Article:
To meet Charles Farrar is to meet a man whose warm and engaging personality makes him likable even before you learn what a talented artist he is.
Originally from South Hill, Virginia, Farrar now lives in Concord, North Carolina. After working many years in the telecommunications industry, he retired in 1995. Since then, he has honed his skills as a studio artist and refined his wood-turning skills. He’s also working on an advanced degree in church social history.
Farrar produces elegant wooden vessels and sculptures. He also demonstrates and teaches his craftsmanship in many venues. His work has been shown in cities across the country and is represented in various individual and corporate collections.
What motivates you to create art from wood?
My interest in fashioning wood art comes from my lifelong fascination with the many properties of wood, such as grain patterns, colors, tactile qualities and even its often intoxicating aromas. I love using wood that has existed sometimes for over 100 years and giving it a whole new life as a thing of beauty that might be appreciated for yet another century.
How did you get started?
In 1992, I purchased my first turned-wood vessel. It was made by a very accomplished North Carolina woodturner, David Goines. When I told him a year later I wanted to purchase another vessel and learn more about his craft, he became my mentor. I’ll always be indebted to David for his important guidance.
What other cultures with wonderful woodturners have you admired?
I am fascinated by the Egyptians of North Africa, who are credited by many historians as having given the world the tool we now call the wood-turning lathe. Wood turning is now thousands of years old, and the wood lathe has become a modern, electrified tool. However, in some places, the lathe is still operated manually, as it was centuries ago.
What kind of tools do you use?
My primary lathe is a 1,500- pound treasure that was custom built by John Nichols of Portland, Oregon. Because I do many more hollow vessels than I do open bowls, I have an assortment of gouges used to remove bark and wood from the outside of my forms and another assortment of hook tools with cutters to remove all the inside wood. Basically, I look at a “blank” of wood and decide to remove everything that is not part of the piece I envision.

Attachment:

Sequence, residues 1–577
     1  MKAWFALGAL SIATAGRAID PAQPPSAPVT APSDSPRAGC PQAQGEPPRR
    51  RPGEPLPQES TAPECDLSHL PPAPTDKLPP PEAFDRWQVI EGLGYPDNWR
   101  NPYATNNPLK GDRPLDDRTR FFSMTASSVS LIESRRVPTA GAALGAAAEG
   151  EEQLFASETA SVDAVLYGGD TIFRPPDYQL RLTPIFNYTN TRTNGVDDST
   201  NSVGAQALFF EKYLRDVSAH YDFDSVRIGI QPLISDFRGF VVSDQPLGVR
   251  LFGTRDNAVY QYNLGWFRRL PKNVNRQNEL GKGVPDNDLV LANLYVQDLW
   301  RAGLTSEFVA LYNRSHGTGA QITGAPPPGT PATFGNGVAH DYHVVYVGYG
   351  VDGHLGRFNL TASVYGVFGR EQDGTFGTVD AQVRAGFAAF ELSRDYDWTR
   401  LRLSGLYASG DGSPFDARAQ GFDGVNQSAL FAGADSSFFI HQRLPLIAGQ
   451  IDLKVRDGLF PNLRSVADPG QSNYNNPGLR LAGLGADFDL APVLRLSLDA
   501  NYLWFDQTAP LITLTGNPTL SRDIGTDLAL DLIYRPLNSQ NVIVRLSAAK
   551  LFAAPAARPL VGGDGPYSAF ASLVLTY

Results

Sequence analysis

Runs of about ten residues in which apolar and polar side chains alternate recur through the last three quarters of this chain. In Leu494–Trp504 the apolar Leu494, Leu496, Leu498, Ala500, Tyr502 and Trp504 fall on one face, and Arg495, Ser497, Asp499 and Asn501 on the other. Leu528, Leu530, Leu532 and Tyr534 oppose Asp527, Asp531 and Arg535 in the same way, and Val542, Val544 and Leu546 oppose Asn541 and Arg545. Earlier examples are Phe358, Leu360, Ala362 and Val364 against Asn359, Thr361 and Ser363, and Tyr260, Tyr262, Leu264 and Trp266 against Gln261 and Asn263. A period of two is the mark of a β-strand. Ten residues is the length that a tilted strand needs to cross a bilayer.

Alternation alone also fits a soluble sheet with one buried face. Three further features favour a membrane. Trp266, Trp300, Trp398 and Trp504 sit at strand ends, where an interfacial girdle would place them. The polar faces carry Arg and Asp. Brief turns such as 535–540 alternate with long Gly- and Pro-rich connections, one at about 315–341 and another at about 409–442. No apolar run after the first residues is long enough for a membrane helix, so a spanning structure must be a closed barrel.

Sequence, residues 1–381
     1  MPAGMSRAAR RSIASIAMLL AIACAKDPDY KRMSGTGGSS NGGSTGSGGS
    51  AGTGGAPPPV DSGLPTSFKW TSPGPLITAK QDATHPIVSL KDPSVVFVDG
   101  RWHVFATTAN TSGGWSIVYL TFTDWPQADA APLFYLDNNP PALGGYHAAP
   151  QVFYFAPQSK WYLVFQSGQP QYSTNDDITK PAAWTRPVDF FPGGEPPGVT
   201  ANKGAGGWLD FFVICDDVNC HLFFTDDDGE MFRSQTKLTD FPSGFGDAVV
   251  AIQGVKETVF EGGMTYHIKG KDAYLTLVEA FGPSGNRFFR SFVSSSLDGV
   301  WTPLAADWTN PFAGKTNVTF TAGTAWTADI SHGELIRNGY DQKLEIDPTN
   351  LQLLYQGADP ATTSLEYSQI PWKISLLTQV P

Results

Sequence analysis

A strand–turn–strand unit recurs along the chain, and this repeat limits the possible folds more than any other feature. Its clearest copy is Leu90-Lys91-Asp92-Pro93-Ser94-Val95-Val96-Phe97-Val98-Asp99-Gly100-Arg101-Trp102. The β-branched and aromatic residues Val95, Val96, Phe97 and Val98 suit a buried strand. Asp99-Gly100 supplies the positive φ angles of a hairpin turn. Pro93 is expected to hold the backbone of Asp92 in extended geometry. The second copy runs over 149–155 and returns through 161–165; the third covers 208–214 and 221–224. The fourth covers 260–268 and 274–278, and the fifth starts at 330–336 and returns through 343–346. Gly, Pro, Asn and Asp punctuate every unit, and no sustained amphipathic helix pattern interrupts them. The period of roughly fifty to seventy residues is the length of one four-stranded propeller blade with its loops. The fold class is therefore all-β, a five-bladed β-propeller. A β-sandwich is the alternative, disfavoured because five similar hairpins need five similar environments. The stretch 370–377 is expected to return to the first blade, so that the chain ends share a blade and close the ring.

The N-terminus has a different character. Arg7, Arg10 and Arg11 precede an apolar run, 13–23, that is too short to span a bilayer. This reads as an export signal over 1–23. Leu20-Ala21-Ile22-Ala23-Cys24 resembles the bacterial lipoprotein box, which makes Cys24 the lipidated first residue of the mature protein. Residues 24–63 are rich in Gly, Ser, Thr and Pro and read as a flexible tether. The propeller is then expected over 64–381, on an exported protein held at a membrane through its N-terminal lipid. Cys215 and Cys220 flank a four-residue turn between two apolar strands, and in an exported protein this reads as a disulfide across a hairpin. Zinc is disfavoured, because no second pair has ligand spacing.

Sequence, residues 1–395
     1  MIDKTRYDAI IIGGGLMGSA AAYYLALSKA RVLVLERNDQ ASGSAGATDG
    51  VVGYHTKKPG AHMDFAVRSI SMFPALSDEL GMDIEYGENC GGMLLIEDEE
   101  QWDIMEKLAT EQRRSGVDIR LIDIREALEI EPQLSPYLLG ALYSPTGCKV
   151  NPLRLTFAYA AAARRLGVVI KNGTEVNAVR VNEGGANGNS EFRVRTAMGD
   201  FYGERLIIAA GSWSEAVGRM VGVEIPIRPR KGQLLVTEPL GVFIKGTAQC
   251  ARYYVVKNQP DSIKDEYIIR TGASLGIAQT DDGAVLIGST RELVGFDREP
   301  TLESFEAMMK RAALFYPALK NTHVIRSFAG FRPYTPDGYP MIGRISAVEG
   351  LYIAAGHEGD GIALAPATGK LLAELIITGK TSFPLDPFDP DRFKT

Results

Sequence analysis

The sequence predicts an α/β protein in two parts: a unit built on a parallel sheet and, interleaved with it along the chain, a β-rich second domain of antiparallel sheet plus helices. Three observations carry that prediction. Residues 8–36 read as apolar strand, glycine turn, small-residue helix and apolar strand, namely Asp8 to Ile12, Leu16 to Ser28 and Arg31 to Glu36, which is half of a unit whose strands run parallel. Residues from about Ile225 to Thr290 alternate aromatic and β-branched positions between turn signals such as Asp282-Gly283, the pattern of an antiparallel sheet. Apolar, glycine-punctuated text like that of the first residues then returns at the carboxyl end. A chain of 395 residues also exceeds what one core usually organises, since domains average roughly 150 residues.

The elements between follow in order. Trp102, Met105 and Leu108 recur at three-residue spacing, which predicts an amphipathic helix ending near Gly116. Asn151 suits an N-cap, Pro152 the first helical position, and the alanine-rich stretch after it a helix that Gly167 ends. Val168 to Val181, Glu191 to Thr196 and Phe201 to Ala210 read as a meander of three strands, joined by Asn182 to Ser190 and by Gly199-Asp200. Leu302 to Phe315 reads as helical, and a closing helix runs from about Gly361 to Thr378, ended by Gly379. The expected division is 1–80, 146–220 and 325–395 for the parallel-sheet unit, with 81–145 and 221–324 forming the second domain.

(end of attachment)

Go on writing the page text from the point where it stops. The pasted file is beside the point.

After you have formed an object, how do you typically finish it?
When I turn green wood, it’s important that most of the moisture is gone before I apply the finish. After a multi-grit sanding process, I apply finishes in a separate dust-free spray room. Although some woods show best with oil finish and others with colorful dyes, many wood tones and surfaces show beautifully under a clear, highgloss finish, which I use often.
What are some awards and distinctions of which you are proud?
A work of mine purchased by Bank of America for the renowned John and Vivian Hewitt Collection of African-American master artists was recently accessioned into the permanent art collection at the Studio Museum of Harlem. In 2010, the Mayor and City of Charlotte, North Carolina, welcomed President and Mrs. Obama to town with a gift of my work, which made its way to The White House Collection. Finally, in late 2017, I was honored by the Harvey B. Gantt Center for African-American Arts + Culture in Charlotte for achievement in the arts with its annual Spirit Award.
Where can your work be purchased?
I’m currently negotiating new representation with a fine gallery in Charlotte. I also welcome commissioned projects.
Any thoughts about what you’d like to accomplish in the future, artistic or otherwise?
I’d like to complete a dissertation to honor the Venerable Doctor Erasmus Lafayette Baskervill’s life and work in the U.S. Episcopal Church. His efforts were Herculean yet mostly undocumented. The story of this great church leader is not just African-American Christian history but Christian history and should be fully revealed.
For more information, visit charlesfarrar.com.
Mary and Charles Love are editors of Charleston Style & Design.